Important Or A Waste Of Time

I’ll admit that I didn’t listen to the entire hearing, but I had it tuned in and watched and listened to 80% or more. I have since gone back to the FDA website (you’ll need to install a bit of Adobe software in order to watch) and watched parts I missed the first time around. While it wasn’t vitally important and nothing was decided it is still an interesting hearing and I suggest you give it a look-see when you have the time.

I don’t hide the fact that I have no confidence left in our government. I’m neither a liberal nor a conservative, but big government is nobody’s friend. I am somewhat inclined to believe that the FDA will make real, common sense, mature, and levelheaded decisions when it comes to tackling the issue of smoking cessation and NRTs and how vital ecigarettes can be in that ultimate goal. At the same time I am just as inclined to believe that the ‘fix’ is already in and that whatever decision they want to make they will make, evidence notwithstanding.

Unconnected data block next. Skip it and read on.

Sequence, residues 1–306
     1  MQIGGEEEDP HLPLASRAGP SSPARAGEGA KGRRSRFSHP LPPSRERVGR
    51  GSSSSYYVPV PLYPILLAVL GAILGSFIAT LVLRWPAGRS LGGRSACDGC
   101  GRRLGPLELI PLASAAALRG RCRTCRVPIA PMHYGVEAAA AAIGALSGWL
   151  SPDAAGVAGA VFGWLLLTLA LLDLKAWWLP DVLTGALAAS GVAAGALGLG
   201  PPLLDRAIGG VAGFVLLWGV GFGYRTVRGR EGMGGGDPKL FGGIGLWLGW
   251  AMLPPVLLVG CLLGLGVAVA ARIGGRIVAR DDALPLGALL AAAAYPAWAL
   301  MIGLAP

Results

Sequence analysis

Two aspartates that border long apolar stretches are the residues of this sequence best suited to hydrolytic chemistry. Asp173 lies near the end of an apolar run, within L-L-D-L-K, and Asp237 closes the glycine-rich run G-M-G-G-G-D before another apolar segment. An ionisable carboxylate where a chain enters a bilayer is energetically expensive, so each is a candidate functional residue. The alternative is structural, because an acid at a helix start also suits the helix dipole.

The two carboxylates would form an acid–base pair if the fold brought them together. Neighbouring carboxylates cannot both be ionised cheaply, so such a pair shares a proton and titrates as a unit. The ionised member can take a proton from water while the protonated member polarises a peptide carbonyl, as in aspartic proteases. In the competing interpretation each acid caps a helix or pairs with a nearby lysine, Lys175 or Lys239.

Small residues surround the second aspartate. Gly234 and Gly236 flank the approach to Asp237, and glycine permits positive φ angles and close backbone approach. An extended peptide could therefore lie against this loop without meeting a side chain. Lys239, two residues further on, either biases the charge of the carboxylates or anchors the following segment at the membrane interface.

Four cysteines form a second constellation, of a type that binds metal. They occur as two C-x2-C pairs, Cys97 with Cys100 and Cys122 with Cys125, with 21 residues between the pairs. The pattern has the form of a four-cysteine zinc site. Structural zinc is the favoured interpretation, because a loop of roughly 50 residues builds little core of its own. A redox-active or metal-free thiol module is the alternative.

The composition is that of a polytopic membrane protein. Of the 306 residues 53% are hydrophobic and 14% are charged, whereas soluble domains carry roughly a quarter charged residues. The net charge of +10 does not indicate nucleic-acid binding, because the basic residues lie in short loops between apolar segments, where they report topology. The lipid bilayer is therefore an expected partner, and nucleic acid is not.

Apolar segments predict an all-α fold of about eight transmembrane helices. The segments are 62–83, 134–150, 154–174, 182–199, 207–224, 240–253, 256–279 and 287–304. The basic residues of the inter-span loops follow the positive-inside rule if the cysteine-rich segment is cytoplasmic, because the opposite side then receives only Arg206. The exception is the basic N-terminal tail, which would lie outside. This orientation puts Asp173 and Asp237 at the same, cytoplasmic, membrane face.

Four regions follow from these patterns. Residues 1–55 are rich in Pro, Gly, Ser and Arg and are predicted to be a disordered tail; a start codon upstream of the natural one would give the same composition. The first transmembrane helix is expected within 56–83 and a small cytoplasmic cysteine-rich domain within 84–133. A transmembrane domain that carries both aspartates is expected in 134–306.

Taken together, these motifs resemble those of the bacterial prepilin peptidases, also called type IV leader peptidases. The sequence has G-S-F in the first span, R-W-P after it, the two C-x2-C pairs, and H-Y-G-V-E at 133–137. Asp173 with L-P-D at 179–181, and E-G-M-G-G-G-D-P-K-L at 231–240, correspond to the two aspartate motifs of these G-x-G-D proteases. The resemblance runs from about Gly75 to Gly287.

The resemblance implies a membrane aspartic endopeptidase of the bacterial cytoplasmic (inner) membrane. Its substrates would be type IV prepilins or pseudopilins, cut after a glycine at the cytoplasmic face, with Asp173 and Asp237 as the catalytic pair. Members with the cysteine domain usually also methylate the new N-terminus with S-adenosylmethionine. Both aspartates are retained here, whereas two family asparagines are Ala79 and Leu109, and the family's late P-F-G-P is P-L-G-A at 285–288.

With respect to this particular administration, no one can possibly believe that it is not a big believer in ‘nanny-state’ policies. Some people want that kind of government, some don’t. But either way I wouldn’t be surprised if the FDA’s ultimate goal of complete and total cessation of any kind of tobacco use will include a total ban on ecigarettes. (Though I don’t expect it)  But the current administration, like many before it, are whores who sell themselves to the highest bidder. So who knows what they will do, or when they will do it.

Monday was one small step toward a final resolution on the eCigarette industry and the future of NRTs. If the FDA is capable of seeing the issues as they are, this one small step should lead to something good. Let’s hope they can see past the current administration’s ‘most likely’ agenda.

Julia Barnes